The History of Bowling

There's no doubt bowling has been around for a very long time.

There’s no doubt bowling has been around for a very long time.  Just how long?  You might be surprised.

In 1895 while researching an ancient egyptian grave, British archeologist Flinders Petrie discovered a group of heavy stone balls.  If Petrie was correct that they were bowling balls, then bowling would date all the way back to 3200 BC.  In that grave a group of heavy stone balls were found as well as nine vase-shaped stones.  The vase-shaped stones were only flat on the bottom, which led Flinders to believe they were stood up, and the balls (which were heavy) were rolled at them.  Since the balls and vases were found separately, it’s hard to determine whether or not this was the first instance of bowling.  It could have just been coincidental that these objects were found together.

The first historical documentation of bowling according to the PBA (Professional Bowler’s Association) is back in 300 AD Germany.  It was said that bowling was used as part of a religious ceremony.  Whoever could knock down the pins was of good character, and those who missed had to confess their sins.  Can you imagine if we still had to do that?  I’d be in Church after every game.

A century later in England, bowling was something of an exclusive sport.  King Henry VIII and his advisors were known to be fans of lawn bowling.  They would go out into the royal gardens and throw “bowls” or balls around the large open lawns.  These were the same areas where jousting, wrestling, and tennis took place.  King Edward III was known to have outlawed bowling because his troops kept choosing to bowl instead of practicing their archery.  He also banned bowling for everyone except the upper class, because so many working men were neglecting their trades.

Throughout the colonial era, bowling kept growing in popularity.  In Connecticut in 1841, a law was passed prohibiting nine-pin bowling because of all the gambling and crime associated with it.  The people couldn’t stand it, so they decided to add a tenth pin to bypass the law.  This created the ten-pin format we all know and love today.  In 1895 the American Bowling Congress, a national organization was created to regulate rules and create national bowling competitions.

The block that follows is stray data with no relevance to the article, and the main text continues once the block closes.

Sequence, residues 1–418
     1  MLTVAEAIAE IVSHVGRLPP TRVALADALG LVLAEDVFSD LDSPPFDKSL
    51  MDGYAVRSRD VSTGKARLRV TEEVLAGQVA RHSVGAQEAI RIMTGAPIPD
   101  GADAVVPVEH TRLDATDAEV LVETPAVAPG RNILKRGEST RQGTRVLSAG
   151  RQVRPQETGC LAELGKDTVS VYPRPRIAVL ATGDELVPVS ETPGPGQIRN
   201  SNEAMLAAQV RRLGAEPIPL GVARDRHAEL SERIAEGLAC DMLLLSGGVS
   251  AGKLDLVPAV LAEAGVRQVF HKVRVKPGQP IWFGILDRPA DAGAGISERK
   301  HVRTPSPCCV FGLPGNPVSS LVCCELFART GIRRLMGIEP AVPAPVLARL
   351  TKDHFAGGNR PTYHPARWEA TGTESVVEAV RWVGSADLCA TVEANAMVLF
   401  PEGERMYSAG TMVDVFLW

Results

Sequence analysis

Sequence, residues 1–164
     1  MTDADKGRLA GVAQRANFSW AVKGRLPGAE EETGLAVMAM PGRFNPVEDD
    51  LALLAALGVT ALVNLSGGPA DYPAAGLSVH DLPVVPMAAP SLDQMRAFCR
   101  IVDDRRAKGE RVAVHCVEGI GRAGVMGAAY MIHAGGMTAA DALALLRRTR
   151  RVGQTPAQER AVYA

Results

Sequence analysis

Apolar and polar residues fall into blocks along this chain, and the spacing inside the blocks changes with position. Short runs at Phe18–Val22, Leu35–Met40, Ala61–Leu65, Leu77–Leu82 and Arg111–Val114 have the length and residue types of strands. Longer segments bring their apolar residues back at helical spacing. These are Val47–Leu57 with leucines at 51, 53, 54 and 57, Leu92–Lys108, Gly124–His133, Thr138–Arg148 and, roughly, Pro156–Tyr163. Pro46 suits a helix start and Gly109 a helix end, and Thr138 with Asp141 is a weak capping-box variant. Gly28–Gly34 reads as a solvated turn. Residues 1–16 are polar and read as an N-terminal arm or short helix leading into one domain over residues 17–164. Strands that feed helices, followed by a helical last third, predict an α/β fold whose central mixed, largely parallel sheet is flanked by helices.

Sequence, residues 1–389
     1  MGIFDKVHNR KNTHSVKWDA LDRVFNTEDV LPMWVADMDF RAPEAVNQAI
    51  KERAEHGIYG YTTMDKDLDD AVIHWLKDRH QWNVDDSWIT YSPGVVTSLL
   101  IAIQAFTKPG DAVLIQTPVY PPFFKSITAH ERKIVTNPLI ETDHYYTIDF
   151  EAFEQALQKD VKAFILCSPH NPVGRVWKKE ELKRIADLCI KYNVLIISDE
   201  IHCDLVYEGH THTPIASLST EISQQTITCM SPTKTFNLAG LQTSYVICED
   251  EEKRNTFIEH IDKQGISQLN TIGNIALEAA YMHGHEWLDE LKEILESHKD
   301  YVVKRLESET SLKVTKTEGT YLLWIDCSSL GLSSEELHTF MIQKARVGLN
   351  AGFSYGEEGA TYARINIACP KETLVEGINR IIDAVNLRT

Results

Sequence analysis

By 1945 ten-pin bowling became a billion-dollar industry in the United States alone.  The next year AMF (American Machine and Foundry) released the first fully automatic commercial pinsetter.  Before then, a person would stand by the pins and set them by hand.  The pinsetter, or pinspotter, had to clear fallen pins and return the balls.  So, when the automatic pinsetters came around it made the game a lot quicker and smoother.

Since then, bowling hasn’t stopped advancing, and neither has the technology surrounding it.  Now there are systems in place that automatically keep track of your score for you, and your ball returns to you soon after it hits the pins.  Thank god for modern technology!

How it Works – Behind the Lanes

 Do you ever wonder what happens after your ball hits the pins?

Do you ever wonder what happens after your ball hits the pins?  How does the computer know how many pins you hit?  How does your ball reappear so quickly on the ball return?  It’s actually pretty interesting!

The machine that sets up the pins and sends your ball back to the ball return is called a pinsetter. It’s a large machine with about as many moving parts as a car.  We have a team of specially trained mechanics who know how to keep them running as smoothly as possible.  At any given time there’s always at least one mechanic behind the machines, ready to fix whatever problem may occur.

There are 20 to 21 pins in every pinsetter, that way when you have a full set of pins standing up, theres another full set in the machine ready to be set down in case you get a strike.  10 pins sit in a part of the machine called the turret, which holds them until they are ready to be dropped into the deck, which picks them up and puts them down.

In every pinsetter on each of our 60 lanes there’s a camera focused on the pins, and when your ball hits the pins the camera detects how many are still standing.  At that point your ball rolls to the back of the machine, the machine picks up the standing pins(if you didn’t knock them all down), and the rake sweeps any fallen pins out of the way for your next shot.  The pins that were left standing are then placed back down and the rake moves out of the way for your second shot!

If you get a strike and knock all the pins down, you make the machine’s life a little easier, because then all it has to do is put down another full set of (10) pins.  If you throw a gutterball and don’t even knock a single pin down, the machine picks all the pins up at once and sets them back down.

When your ball reaches the back of the machine, there is a spinning wheel that rolls your ball up the side of the machine and onto a set of tracks.  The tracks then slope downward and your ball rolls down, giving it enough momentum to make it all the way back to you at the ball return.

Now that you have a better understanding of how it all works, come play a few games with your new found appreciation of the sport!